Nobody really knows how much Americans give to charity each year, and there are now a number of new actors in the charitable giving estimation game, but Giving USA has been around the longest, and they estimate that Americans gave more than $335 billion to charity in 2013. As one might expect, most of the charities that receive the most contributions are household names.
One interesting thing to note is that with more than 900,000 charities currently operating in the United States, as well as an estimated 400,000 religious organizations not required to report to the IRS, these 15 organizations received $16.4 billion between them, nearly 5 percent of the Giving USA estimate. Another thing that pops out at me is that organizations that offer donor advised funds occupy the first, third, fourth and sixth spots on the list, and account for almost half of the top fifteen’s contributions. When an individual gives to a donor advised fund, there is currently no requirement that this money ever be spent on actual charitable activities. Certain lawmakers have been working to more strictly regulate the way that donor advised funds operate because of this possibility, although aggregate studies suggest that donor advised funds generally pay out more than twice as much as the current 5 percent requirement for private foundations. It will certainly be interesting to see what, if anything, Congress decides to do about donor advised funds.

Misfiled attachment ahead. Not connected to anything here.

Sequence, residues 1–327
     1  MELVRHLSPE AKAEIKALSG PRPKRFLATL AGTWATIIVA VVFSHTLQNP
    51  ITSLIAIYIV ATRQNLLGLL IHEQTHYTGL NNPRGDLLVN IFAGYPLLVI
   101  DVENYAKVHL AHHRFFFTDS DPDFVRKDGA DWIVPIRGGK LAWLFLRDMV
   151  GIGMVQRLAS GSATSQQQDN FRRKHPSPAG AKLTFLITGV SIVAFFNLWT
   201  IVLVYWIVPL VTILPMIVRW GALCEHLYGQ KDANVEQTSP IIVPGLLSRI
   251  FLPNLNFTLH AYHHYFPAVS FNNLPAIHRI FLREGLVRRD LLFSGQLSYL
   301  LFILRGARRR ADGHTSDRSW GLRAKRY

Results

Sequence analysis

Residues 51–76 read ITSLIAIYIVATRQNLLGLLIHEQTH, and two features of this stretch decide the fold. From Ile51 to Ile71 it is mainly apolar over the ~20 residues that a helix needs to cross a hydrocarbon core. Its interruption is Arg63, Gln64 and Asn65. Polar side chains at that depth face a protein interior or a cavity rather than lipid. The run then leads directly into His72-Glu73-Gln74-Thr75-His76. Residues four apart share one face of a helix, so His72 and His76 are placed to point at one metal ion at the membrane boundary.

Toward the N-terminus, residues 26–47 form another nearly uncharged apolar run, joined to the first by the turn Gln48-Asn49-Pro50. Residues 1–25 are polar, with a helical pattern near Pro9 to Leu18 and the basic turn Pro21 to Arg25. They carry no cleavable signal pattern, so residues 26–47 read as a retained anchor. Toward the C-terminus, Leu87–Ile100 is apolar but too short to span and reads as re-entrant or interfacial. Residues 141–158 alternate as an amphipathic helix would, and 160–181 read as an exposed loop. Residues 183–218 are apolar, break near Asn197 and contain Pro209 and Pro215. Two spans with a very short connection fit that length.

Chuck McLean is responsible for conducting research for GuideStar and customers interested in nonprofit sector data. He also works to identify new data sources and ways to present data effectively to GuideStar users. Chuck produces the annual GuideStar Compensation Report, which analyzes the salary and benefits of thousands of nonprofits throughout the country. He has 15 years of experience as a teacher and researcher in various institutions of higher education. Chuck serves on the advisory committee of the National Center for Charitable Statistics and is a member of the Panel of Nonprofit Sector Representatives for the Commission on Accountability and Policy for Religious Organizations. A graduate of Christopher Newport University, Chuck also received an M.S. degree in mathematics from the College of William and Mary.